Crossing The Line: Drawings from the Mexic-Arte Museum Permanent Collection

Drawing—as an immediate or raw expression of thought or emotion—is defined as a form of visual art in which a person uses various drawing instruments to mark paper, or other platforms. The practice can employ a wide range of materials beyond the pencil including pen and ink, graphite pencils, inked brushes, various kinds of paints, colored pencils, crayons, charcoal, chalk, pastels, erasers, markers, styluses, metals, or new media. Crossing the Line: Drawings from the Mexic-Arte Museum Permanent Collection will exhibit the works of more than forty artists who delve into these assorted techniques." Works range from functional drawings such as anatomy studies, sketches, and mural drawings, to figurative renderings and abstract works that push the boundaries of what is considered a drawing. Through these diverse genres, featured artists explore a wide array of themes including notions of identity, culture, and drawing as a method to communicate, document, and interpret our reality.

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Young Latinx Artists 24: BUEN VIVIR/VIVIR BIEN

This marks the 24th year for this annual exhibition dedicated to the professional development of emerging Latino/a/x artists and curators. Guest curated by Tatiane Schilaro Santa Rosa, YLA 24 brings together the works of eleven Latino/a/x artists to explore the theme of buen vivir or good living, The presenting artwork reflects the notion of decolonizing Western worldviews by tackling issues such as climate change, the legacies of colonization, immigration, and racism.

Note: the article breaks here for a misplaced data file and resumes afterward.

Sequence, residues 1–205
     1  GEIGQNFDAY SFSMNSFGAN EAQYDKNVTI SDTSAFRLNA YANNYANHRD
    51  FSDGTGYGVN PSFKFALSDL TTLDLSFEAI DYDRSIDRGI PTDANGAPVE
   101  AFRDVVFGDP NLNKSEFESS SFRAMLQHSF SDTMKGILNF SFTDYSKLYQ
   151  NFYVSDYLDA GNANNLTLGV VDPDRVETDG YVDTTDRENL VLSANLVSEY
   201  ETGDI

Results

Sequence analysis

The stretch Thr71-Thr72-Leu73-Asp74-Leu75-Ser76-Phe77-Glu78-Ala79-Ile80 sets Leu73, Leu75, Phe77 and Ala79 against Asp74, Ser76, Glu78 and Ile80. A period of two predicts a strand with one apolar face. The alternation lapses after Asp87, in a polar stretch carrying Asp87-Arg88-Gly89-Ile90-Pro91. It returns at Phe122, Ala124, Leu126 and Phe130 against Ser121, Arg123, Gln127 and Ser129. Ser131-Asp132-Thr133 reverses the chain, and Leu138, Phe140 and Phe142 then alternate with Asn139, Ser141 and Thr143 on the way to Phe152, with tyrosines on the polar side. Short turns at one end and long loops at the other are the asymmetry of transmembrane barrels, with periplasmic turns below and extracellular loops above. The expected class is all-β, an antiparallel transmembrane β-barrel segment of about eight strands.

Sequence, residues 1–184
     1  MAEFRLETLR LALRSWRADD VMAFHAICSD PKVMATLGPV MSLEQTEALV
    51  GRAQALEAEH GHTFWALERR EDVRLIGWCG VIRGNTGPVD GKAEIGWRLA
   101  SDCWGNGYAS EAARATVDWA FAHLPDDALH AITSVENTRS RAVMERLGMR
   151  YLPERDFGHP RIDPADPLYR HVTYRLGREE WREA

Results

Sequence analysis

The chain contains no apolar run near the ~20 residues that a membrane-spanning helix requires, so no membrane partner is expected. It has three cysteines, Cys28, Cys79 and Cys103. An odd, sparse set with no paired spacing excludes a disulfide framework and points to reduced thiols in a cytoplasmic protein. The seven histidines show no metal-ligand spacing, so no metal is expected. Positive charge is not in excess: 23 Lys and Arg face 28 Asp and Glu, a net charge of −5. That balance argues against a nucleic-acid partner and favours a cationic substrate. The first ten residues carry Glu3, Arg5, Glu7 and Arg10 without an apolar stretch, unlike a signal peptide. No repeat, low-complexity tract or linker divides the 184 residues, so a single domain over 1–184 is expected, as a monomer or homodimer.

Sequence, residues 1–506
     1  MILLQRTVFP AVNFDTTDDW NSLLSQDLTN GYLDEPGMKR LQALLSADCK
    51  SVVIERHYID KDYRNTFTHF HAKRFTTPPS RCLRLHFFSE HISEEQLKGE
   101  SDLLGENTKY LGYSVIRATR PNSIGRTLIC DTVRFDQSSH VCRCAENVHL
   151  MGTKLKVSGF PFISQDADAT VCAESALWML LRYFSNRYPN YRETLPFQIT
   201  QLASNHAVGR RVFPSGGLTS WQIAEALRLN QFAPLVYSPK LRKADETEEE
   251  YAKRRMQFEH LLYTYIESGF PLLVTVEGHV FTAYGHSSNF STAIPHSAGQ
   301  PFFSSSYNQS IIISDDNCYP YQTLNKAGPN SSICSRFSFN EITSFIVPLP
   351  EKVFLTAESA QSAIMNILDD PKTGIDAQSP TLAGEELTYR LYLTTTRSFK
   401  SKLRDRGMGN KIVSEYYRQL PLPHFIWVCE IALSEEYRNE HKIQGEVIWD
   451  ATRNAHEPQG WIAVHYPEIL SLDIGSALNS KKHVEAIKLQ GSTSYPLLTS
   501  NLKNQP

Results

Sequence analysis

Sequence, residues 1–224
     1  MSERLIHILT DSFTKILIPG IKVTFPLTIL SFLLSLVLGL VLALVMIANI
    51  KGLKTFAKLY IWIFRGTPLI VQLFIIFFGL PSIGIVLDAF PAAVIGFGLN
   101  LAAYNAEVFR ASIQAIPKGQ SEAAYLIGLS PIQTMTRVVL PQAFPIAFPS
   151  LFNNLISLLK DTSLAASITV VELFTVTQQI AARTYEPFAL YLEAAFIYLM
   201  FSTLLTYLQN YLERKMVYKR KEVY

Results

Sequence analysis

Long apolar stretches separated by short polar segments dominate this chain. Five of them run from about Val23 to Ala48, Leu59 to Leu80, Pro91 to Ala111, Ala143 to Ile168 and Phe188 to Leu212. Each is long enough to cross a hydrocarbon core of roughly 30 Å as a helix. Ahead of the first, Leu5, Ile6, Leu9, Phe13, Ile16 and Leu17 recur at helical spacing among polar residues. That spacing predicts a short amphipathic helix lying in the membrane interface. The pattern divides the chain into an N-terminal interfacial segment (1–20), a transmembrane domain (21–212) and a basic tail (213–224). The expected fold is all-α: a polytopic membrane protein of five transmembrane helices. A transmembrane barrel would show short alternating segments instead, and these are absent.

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Expresiones en Esculturas, Expressions in Sculptures

The Mexic-Arte Museum is pleased to present an exhibition of sculptures selected from the contemporary art collection. These artworks have been donated and collected over the past 35 years thanks to the support of generous artists and donors. The works on display range from figurative to conceptual and employ a variety of media including, but not limited to wood, fabric, plastic, clay, metal, and paper.

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Dia de los Muertos & Community Altars

This year marks the 36th Annual Día de Los Muertos & Community Altars Exhibition which incorporates community ofrendas (altars), el Día de Los Muertos inspired art from the Museum’s permanent collection, a section dedicated to Mexican Revolutionary leader Emiliano Zapata, mojigangas (large sculptures) from the Museum’s Viva la Vida Parade & Festival, and an art installation by our Artists in Residence Yocelyn Riojas and Jerry Silguero to raise awareness about immigration issues in the Borderlands.

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Unseen Prints

An exhibition displaying various forms of printmaking, including a print portfolio Tejanos: The Border Crossed Us, prints from the Mexico City based workshop Taller 75 Grados, and more.

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Nacimiento Popular

This striking Mexican nativity scene, generously donated by Edwin R. Jordan, is the largest museum display in Texas, with over 400 pieces that reflect the way in which nacimiento-making has transformed within Mexico to integrate uniquely Mexican motifs, styles, and iconography.